Sacrifices in the Kingdom
The Millennial Temple’s main objective will be to provide a place of worship for Israel and the Gentile nations that will be similar to, yet distinct from, that under the old Levitical system.
Jews and Gentiles alike who have mortal bodies will be required to bring animal sacrifices (Isa. 56:7; 66:20–23; Jer. 33:18; Ezek. 45:13–17; Mal. 3:3–4). The prince (see “A New Temple for a New Era”) will receive the gifts and oversee the sacrifices used “to make atonement” for the house of Israel (Ezek. 45:15, 17, 20). There will be burnt, sin, trespass (40:39), grain (45:24), and peace offerings (46:2). The prince will offer the sacrifices at “the feasts, the New Moons, the Sabbaths, and at all the appointed seasons of the house of Israel” (45:17). Only morning sacrifices will be offered daily (46:13).
The feasts of Passover and Unleavened Bread will be kept to memorialize Israel’s deliverance from Egypt (45:21–24). All nations will be required to appear in Jerusalem for the Feast of Tabernacles; those that do not will be denied rain or, as in Egypt’s case, receive a plague (Zech. 14:16–18). The “year of liberty” (Jubilee, cf. Lev. 25) will be commemorated at its proper time (Ezek. 46:17). The feasts of Pentecost and Trumpets and the Day of Atonement will not be kept in the Millennium.
When reading Ezekiel 43—46, people often ask, “If Jesus’ sacrifice is the only efficacious, once-for-all sacrifice to expiate sin (Heb. 9:12), why should animal sacrifices, which could never take away sin (10:4), be offered during the Millennium?” We know these sacrifices cannot remove sin any more than the Levitical sacrifices could.
Some scholars believe the Millennial offerings will be memorials, similar to keeping the Lord’s Supper today in remembrance of Christ’s death. They reason that sacrifices are needed because Millennial saints will live in an ideal setting where Christ’s righteousness will fill the earth and people will need a reminder of the awfulness of sin.
Therefore, the shedding of blood will visibly remind them that only Christ’s blood can take away sin. This interpretation has two problems: (1) Nothing in the text indicates the sacrifices are memorials, and (2) the prophet says the sacrifices are to make atonement.
Consequently, these offerings must be much more than memorials. The word for “atonement” (Ezek. 45:15, 17, 20) is the Hebrew word kippur, meaning to “cover” or “propitiate.” Under the Levitical system, sacrifices were required to atone for sin and to cleanse the buildings, the altar (43:20–27), the Levites (44:25–27), and the sanctuary (45:18). The blood sacrifice covered the worshiper’s sins (Lev. 17:11) and functioned as propitiation to God.
Animal sacrifices offered in the Millennial Temple will be needed to cover the worshipers’ ceremonial uncleanness. Why? Because God will be dwelling on Earth in the midst of sinners living in their natural, unresurrected bodies. Without blood sacrifices, these impure worshipers would defile God’s holy Temple when they come to worship Him.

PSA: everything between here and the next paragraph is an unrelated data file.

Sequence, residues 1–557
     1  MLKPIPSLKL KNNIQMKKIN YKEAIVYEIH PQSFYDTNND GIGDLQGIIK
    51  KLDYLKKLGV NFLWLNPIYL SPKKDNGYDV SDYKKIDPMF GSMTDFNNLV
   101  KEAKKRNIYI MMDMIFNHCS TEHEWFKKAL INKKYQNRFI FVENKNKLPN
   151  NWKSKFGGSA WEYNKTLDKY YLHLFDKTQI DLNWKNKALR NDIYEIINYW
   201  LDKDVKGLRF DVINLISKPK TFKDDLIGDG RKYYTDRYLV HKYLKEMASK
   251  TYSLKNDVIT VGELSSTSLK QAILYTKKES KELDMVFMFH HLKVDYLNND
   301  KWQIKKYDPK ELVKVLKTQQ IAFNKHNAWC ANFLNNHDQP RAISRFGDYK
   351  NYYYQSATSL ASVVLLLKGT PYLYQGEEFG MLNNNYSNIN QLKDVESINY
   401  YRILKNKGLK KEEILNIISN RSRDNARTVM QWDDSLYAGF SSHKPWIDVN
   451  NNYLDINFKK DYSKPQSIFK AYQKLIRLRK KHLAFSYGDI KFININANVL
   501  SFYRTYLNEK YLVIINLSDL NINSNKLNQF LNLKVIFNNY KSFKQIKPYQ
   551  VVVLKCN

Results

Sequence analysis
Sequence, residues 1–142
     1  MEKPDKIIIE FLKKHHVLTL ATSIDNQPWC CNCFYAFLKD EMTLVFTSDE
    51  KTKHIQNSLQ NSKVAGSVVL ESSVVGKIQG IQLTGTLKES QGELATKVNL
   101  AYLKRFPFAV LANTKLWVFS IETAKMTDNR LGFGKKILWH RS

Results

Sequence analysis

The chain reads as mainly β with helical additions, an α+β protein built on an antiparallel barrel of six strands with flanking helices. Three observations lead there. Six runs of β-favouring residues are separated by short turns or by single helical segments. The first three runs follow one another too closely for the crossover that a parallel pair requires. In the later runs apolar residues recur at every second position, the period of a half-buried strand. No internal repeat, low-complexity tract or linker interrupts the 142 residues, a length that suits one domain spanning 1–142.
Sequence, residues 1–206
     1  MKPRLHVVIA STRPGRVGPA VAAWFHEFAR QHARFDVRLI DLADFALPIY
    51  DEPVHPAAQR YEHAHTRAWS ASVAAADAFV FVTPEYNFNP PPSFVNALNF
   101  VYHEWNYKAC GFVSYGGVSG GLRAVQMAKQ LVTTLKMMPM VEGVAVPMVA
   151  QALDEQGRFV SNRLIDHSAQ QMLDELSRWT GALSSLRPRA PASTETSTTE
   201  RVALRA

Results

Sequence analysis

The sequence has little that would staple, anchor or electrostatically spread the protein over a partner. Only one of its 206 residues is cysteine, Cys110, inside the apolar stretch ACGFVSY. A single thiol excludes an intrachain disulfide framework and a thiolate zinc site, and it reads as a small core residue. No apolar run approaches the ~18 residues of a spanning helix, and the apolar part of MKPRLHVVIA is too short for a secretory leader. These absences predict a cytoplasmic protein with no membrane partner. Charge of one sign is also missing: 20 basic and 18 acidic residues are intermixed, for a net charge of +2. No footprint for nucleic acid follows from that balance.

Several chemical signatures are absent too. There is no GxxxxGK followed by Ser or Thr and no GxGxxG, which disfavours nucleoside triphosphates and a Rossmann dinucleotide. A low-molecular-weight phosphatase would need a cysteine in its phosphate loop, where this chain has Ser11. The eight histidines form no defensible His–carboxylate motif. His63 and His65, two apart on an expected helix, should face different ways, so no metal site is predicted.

Bible Professor Jerry Hullinger came to the same conclusion:
Hebrews states that animal sacrifices were efficacious in the sphere of ceremonial cleansing. They were not efficacious, however, in the realm of conscience and therefore in the matter of spiritual salvation. Because of this, Christ’s offering is superior in that it accomplished something the Levitical offerings never could, namely, soteriological benefits.
Only Christ’s sacrifice was of the kind that could form the basis for eternal and spiritual salvation. But this in no way refutes the…efficacy in the Old Testament sacrifices….Eternal or spiritual salvation was not the issue. Therefore, the animal sacrifices of the Old Testament and the sacrifice of Christ in the New Testament were effective at their own respective and totally different levels.
Ezekiel 40—48 indicates that during the millennium God’s glory will return to the temple where sacrificial ritual will take place and in which offerings will make atonement. For Ezekiel the concept of atonement is the same as it was in the Book of Leviticus, namely, an act that wipes away and purges uncleanness.
This purgation will be required because the divine presence will once again be dwelling in the land. As argued earlier, impurity is contagious to both persons and sancta. Further, impurity is inimical to Yahweh, who refuses to dwell among a people if uncleanness remains untreated. Because of God’s promise to dwell on earth during the millennium (as stated in the New Covenant), it is necessary that He protect His presence through sacrifice.
This function of sacrifices, according to the Book of Hebrews, is efficacious. However, this was never the purpose of Christ’s sacrifice, for it dealt with the internal cleansing of the conscience. Therefore the two are harmonious. It should be further added that this sacrificial system will be a temporary one in that the millennium (with its partial population of unglorified humanity) will last only one thousand years. During the eternal state all inhabitants of the New Jerusalem will be glorified and will therefore not be a source of contagious impurities to defile the holiness of Yahweh.1
Sacrifices in the Millennium will not be a substitute for God’s plan of salvation or change the way a person is redeemed. Salvation has always been, and will always be, through faith in Christ and His shed blood on the cross. Nor will these sacrifices diminish Christ’s work on the cross (Heb. 10:10). It was Christ’s death, not the Levitical system, that made it possible for sins to be permanently removed.
- Jerry Hullinger, “The Problem of Animal Sacrifices in Ezekiel 40—48,” Bibliotheca Sacra 152, no. 607 (1995): 288–289.